Yamaha Rhino Deaths and Accidents Spark New Proposed Federal Standards

Following concerns about the number of serious injuries and deaths with Yamaha Rhinos and other recreational off-highway vehicles (ROV), the U.S. Consumer Product Safety Commission (CPSC) indicated Thursday that new safety standards will be enacted. The federal regulators published advance notice of proposed rulemaking (ANPR) to invite comments from the public about the risk of injury associated with these vehicles.

According to the statement released by the Commission, the proposed rules are designed to address problems with off-road vehicles that “may exhibit inadequate lateral stability, undesirable steering characteristics, and inadequate occupant protection during a rollover crash.”

Over the past year, the CPSC has been investigating and reviewing the safety problems with Yamaha Rhino vehicles and other similar vehicles, which are not currently regulated under existing ATV safety standards since they have steering wheel, as opposed to handle bars featured on recreational ATVs.

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It was reported in November 2008 that the CPSC was investigating the growing number of Yamaha Rhino deaths and accidents. The popular Rhino vehicles feature a steering wheel, two side-by-side bucket seats, four wheels and a flat bed, making them a cross between recreational ATV and larger utility vehicles (UTV). Out of the 116 reported ROV deaths since 2003, the Yamaha Rhino was involved in roughly half of the accidents or rollovers.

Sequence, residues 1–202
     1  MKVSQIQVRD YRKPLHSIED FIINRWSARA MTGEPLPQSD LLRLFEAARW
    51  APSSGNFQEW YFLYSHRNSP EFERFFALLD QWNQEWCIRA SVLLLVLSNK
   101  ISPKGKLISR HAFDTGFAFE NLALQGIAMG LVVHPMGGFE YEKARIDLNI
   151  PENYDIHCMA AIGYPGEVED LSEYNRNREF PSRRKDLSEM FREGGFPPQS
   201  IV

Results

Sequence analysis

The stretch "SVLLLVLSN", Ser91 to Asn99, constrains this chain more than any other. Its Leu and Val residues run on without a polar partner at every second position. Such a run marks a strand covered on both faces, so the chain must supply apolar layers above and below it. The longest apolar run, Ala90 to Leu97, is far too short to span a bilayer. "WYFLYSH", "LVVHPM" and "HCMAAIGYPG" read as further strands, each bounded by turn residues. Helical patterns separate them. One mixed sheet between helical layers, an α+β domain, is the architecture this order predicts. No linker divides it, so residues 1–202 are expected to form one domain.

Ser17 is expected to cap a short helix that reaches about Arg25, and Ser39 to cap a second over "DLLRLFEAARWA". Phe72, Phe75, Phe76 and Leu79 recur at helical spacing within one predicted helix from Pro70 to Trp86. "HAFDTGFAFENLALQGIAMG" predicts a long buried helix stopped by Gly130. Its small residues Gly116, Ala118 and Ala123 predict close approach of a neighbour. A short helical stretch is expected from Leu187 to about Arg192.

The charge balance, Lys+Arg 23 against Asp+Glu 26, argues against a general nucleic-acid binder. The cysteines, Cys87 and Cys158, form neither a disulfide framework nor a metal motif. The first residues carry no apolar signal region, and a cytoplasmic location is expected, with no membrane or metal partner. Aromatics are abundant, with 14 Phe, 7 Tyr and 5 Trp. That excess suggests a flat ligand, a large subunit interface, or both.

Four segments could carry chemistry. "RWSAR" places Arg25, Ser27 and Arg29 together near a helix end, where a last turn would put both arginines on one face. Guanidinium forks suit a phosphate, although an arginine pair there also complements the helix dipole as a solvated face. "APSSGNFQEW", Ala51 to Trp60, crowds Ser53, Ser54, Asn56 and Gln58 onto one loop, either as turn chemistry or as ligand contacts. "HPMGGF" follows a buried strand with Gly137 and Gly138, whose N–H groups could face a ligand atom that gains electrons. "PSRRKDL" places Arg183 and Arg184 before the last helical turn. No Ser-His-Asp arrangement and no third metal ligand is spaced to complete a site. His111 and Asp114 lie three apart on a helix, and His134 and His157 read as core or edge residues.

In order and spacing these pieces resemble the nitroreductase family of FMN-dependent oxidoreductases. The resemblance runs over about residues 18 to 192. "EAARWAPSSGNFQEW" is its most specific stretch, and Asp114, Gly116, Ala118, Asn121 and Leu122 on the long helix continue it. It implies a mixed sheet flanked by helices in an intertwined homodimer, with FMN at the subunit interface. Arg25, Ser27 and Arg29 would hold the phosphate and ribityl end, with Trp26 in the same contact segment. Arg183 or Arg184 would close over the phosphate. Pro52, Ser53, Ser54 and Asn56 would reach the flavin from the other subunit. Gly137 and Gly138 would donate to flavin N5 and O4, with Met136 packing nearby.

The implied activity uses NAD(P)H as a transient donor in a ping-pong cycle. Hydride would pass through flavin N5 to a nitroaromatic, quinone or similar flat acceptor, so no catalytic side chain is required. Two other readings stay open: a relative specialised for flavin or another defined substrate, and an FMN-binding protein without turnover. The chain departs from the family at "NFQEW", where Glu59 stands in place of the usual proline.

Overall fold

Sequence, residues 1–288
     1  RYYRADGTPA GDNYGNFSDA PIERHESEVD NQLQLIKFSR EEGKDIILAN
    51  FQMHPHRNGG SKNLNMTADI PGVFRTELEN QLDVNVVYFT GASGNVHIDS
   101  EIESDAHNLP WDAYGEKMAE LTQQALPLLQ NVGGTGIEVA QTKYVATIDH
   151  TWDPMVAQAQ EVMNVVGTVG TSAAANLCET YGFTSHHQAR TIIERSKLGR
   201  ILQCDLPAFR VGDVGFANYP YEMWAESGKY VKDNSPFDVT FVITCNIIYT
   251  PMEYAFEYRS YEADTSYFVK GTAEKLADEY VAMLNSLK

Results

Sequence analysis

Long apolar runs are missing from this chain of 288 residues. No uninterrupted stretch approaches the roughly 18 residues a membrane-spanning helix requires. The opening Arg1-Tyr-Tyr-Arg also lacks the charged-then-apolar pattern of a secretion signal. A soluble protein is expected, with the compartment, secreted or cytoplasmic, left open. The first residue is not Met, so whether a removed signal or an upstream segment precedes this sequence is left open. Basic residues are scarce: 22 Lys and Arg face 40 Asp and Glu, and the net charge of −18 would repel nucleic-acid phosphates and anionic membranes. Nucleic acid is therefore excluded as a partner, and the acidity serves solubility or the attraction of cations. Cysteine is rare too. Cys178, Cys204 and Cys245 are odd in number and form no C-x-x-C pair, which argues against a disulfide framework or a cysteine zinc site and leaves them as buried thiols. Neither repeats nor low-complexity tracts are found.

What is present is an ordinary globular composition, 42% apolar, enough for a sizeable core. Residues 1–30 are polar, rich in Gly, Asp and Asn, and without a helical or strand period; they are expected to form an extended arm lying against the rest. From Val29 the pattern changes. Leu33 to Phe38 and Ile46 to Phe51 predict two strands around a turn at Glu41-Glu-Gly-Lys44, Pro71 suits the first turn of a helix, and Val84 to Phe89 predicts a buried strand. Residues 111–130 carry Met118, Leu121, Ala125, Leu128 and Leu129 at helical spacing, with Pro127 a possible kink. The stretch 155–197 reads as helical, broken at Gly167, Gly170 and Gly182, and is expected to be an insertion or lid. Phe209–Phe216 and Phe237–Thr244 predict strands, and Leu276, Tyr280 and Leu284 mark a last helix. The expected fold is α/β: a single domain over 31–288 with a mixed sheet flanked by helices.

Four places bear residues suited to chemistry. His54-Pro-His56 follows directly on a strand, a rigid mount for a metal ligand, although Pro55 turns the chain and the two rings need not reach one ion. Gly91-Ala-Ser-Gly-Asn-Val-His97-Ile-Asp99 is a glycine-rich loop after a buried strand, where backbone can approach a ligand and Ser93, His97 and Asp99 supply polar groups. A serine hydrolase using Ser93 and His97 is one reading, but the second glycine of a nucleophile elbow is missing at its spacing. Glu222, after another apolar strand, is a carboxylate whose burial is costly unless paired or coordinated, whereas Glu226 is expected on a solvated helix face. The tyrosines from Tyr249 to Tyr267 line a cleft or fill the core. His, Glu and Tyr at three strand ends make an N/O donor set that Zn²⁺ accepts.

The CPSC rejected industry-proposed standards proposed by the Recreational Off-Highway Vehicle Association (ROHVA), determining that they did not adequately address the risk of death and severe personal injury that can occur with ROV rollovers and collisions. CPSC Chairman Inez Tenenbaum released a statement with the ANPR, saying that the commission needed to step in because manufacturers had failed to implement reasonable voluntary standards.

“The need for federal rulemaking on ROVs is the consequence of not having a voluntary standard that effectively safeguards consumers,” Tenenbaum said. “I have reviewed numerous death and injury reports tied to ROVs and I believe CPSC can play a vital role in making them safer.”

ROVs have risen in popularity since 2003, with more than 416,000 now in use in throughout the United States. According to the CPSC, that rising number has been accompanied by a substantial increase in accidents and deaths.

Earlier this year, the CPSC pressured Yamaha to suspend sales of the Yamaha Rhino 450, 660 and 700 models following a CPSC investigation into 46 occupant deaths, mainly due to Rhino rollover accidents. Despite Yamaha’s claims that driver error was to blame in most cases, the CPSC concluded that the vehicle was unstable and could roll over even on level ground at slow speeds.

There are currently more than 500 Yamaha Rhino injury lawsuits pending throughout the United States involving accidents and rollovers that were allegedly caused by the defective design of the ROV. The federal Yamaha Rhino rollover litigation is consolidated for pretrial proceedings in an MDL, or Multidistrict Litigation, before U.S. District Judge Jennifer B. Coffman in the Western District of Kentucky. The current scheduling order calls for the first federal Yamaha Rhino trial to begin in June 2010.

The CPSC indicates that the public has 60 days to provide comments on the proposed rulemaking. Comments can be submitted at www.regulations.gov.


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